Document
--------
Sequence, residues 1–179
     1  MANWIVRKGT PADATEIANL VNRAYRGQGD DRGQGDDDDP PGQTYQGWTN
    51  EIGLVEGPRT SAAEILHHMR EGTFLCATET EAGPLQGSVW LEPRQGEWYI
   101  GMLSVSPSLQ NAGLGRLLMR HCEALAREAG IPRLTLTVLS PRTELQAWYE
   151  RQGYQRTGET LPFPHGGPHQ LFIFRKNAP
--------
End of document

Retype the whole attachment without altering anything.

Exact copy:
Sequence, residues 1–179
     1  MANWIVRKGT PADATEIANL VNRAYRGQGD DRGQGDDDDP PGQTYQGWTN
    51  EIGLVEGPRT SAAEILHHMR EGTFLCATET EAGPLQGSVW LEPRQGEWYI
   101  GMLSVSPSLQ NAGLGRLLMR HCEALAREAG IPRLTLTVLS PRTELQAWYE
   151  RQGYQRTGET LPFPHGGPHQ LFIFRKNAP